Flashbulb Memory: When, Why And How Vivid Recall Seizes Your Mind

Image of a lightbulb to express how flashbulb memory relates to memory improvement trainingDo you have a “flashbulb memory“?

Here’s a simple memory test:

Do you remember where you were and what you were doing during the 9/11 attacks?

If so, in how much detail… exactly?

After all, 9/11 was one of the most mentally impacting world events millions of people not only remember. They remember it vividly.

What does vivid mean in this context?

For example, you might recall exactly what activity you were performing when you learned about the attack. Myself, I was in Stong College on the York University campus, just before a class.

It’s an irrelevant detail in the overall scope of my life, but the fact that I remember so much minutia is precisely the point.

For example, I was in the cafeteria reading that morning. My phone rang and my friend Andrew said, “Find a TV.”

I remember it vividly, down to the fact that my eyes traced the sky through the window and instantly fell upon an airplane.

But here’s the problem:

This memory I have about seeing an airplane through the window might not be accurate.

In fact, chances are that it’s a flashbulb memory. Just like the time I spent with Tony Buzan, which we’ll talk about in a minute.

But before we define this concept and talk about some powerful memory exercises, let’s look at the history of this term:

Flashbulb Memory Defined

The term flashbulb memory refers to a long lasting vivid memory of the circumstance around the time of receiving a shocking or surprising piece of news or event.

Coined as a metaphor in the 1970s, it refers to the feeling of mentally capturing a complete scene in a single moment.

But more than just feeling like you‘ve taken a mental snapshot, the idea is that your mental image includes a ton of information. I‘m talking about everything from the most crucial details to the most mundane ones.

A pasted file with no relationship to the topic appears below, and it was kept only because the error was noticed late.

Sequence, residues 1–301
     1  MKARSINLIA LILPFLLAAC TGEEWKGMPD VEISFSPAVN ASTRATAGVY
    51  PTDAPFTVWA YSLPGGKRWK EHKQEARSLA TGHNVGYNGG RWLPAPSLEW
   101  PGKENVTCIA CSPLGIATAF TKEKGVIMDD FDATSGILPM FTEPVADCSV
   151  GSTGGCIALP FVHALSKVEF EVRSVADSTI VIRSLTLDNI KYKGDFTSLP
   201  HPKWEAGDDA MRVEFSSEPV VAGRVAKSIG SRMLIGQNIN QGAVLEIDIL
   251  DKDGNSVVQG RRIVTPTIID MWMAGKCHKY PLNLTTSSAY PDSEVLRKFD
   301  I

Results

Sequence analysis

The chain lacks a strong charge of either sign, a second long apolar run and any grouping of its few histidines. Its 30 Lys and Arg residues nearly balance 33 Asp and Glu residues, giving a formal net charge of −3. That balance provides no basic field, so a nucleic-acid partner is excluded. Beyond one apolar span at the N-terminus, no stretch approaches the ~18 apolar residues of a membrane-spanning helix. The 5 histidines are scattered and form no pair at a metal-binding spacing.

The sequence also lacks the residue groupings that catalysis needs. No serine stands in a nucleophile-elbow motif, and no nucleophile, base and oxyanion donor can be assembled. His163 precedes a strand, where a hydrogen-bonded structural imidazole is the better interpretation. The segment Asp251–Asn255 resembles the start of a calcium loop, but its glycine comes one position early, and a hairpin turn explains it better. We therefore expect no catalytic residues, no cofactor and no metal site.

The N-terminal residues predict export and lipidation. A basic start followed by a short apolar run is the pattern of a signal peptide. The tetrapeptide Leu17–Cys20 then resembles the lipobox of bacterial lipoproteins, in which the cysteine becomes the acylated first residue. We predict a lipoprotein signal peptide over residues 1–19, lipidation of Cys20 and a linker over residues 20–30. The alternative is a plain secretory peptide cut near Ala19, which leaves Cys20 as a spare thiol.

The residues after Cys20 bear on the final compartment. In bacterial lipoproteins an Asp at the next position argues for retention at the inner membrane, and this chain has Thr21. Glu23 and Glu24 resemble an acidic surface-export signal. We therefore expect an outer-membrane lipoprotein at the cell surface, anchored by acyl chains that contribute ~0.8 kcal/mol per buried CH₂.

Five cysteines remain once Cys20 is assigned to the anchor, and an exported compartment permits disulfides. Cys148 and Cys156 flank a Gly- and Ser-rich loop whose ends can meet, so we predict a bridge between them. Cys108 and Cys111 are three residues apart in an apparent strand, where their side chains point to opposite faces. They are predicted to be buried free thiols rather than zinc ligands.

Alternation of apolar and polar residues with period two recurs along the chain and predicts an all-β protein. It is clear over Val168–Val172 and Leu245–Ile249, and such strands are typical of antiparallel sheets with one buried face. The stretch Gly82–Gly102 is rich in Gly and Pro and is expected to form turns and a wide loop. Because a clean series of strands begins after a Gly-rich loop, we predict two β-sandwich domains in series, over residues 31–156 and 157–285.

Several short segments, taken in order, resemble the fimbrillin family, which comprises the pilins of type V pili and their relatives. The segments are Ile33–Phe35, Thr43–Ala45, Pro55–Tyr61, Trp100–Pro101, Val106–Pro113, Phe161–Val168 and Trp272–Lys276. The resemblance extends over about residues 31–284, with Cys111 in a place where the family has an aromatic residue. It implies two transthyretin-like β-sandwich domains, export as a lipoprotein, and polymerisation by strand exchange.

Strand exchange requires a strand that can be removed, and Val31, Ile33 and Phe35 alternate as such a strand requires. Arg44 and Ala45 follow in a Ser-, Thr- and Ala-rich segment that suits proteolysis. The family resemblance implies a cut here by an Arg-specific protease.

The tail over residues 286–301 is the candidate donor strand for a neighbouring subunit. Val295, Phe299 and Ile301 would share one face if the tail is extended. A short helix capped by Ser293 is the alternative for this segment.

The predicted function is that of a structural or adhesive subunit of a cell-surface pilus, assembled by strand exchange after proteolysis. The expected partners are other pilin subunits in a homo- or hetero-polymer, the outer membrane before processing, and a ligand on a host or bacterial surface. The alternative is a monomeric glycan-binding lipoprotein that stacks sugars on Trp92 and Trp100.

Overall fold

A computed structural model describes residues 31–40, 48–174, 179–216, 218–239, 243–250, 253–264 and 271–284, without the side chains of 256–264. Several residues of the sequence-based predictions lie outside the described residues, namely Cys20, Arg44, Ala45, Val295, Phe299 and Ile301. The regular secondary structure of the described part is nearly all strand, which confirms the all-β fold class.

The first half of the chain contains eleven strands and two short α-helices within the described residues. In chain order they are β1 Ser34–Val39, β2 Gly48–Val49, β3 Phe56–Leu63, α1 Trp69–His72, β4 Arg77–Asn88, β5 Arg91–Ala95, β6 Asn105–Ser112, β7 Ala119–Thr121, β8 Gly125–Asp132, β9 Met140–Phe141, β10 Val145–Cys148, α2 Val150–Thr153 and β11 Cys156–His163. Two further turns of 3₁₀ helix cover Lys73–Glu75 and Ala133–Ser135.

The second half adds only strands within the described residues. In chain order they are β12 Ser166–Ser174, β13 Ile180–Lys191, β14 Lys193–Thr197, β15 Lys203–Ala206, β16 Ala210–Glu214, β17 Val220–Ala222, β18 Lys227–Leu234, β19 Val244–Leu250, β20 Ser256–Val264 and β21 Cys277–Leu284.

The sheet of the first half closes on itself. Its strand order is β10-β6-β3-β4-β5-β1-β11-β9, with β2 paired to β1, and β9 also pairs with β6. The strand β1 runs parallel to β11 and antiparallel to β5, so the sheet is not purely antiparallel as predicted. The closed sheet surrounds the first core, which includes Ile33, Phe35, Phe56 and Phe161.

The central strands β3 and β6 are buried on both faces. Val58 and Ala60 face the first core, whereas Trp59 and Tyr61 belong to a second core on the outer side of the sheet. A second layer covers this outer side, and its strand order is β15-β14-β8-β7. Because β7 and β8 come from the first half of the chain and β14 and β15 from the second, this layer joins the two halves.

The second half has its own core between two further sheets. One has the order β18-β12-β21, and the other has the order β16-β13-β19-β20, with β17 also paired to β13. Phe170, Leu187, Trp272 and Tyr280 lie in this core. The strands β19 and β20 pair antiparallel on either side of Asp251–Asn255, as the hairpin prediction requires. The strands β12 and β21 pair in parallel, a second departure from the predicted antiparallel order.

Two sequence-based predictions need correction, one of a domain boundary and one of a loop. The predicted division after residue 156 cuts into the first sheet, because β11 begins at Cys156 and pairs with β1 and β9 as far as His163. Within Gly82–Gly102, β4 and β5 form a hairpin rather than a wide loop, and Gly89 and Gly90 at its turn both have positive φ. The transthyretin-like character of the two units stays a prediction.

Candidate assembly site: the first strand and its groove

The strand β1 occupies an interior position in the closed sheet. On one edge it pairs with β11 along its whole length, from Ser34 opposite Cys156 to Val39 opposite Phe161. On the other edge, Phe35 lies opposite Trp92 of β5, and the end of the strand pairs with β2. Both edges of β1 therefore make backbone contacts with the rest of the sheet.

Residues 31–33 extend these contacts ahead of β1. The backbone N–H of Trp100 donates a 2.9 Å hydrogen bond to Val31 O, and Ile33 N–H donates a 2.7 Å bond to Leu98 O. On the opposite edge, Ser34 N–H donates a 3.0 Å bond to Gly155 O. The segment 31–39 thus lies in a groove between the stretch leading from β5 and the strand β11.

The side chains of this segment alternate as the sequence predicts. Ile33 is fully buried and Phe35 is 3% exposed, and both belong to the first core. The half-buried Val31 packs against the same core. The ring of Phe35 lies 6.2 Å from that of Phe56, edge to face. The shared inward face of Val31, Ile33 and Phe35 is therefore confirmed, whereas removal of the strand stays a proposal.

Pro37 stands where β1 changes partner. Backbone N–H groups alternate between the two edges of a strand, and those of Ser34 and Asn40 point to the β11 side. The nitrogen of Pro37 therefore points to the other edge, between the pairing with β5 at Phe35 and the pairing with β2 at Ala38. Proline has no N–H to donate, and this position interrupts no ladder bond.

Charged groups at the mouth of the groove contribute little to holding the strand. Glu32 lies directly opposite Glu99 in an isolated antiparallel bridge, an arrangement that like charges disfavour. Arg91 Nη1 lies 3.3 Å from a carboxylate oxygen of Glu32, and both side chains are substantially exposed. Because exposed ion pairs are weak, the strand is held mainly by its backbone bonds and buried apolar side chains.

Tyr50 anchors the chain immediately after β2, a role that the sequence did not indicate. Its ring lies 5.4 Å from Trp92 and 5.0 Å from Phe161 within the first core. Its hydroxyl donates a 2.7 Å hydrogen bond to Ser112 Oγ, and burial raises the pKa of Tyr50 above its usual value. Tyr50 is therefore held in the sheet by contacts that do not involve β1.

Even more:

It’s the feeling that the memory will last indefinitely, almost as if it were a photograph.

These memories have intrigued memory researchers for decades. Some consider flashbulb memory as a kind of autobiographical memory, which is the recollection of events you have personally experienced.

Typically, individuals involved as subjects in memory studies feel extremely confident about their recollections of events like 9/11.

However, in reality, researchers find that flashbulb memories are mostly haphazard and incomplete.

Why? Because many factors affect your memory. These may include:

  • Shock
  • The personal importance you place on the event
  • Emotional states
  • Surrounding objects
  • People in the environment
  • Locations
  • Activities at the time

These factors and more condition the subsequent ways you might experience flashbulb memories.

Image of a woman with light zapping around her to express the rapid speed of encoding a new memory

Why People Encode Memories “In A Flash”

When your brain experiences something traumatic, it often establishes a sharp mental image of that particular event.

Keep in mind that “mental imagery” is not necessarily visual. Yet, many people do describe being able to re-envision detailed information. It’s almost as if their memory of an event is like photograph.

When you consider the kinds of things that become flashbulb memories, our brains usually base them on traumatic events.

More often than not, they are public events.

This tendency means that people around also us experienced the events. As a result, they wind up being discussed often.

You not only experience such events via television or on the Internet, but you re-experience them multiple times while talking about them in multiple places with multiple people.

Of course, not all such memories involve tragedy.

Some other examples of flashbulb memories might include the birth of your child, college graduation, or getting your first job. These events might stand out as monumental events or milestones in your life.

For example, meeting Tony Buzan is a personal example from the world of memory training.

The reason why is that I was so overwhelmed by many emotions, especially given the personal attention he paid to me.

But that doesn’t mean my memories of the time we spent together are accurate. Far from it!

A Quick and Simple Memory Exercise

Have you ever met someone famous who touched your life?

Go ahead and think it through.

Even if you just saw them from a distance, take note of the memory and describe it.

Then think more about the memory. Think about all the times you told the story to others. You’ll probably have experienced it multiple times.

When it comes to celebrity encounters and historical events, you almost always discuss them multiple times with different people in a variety of locations.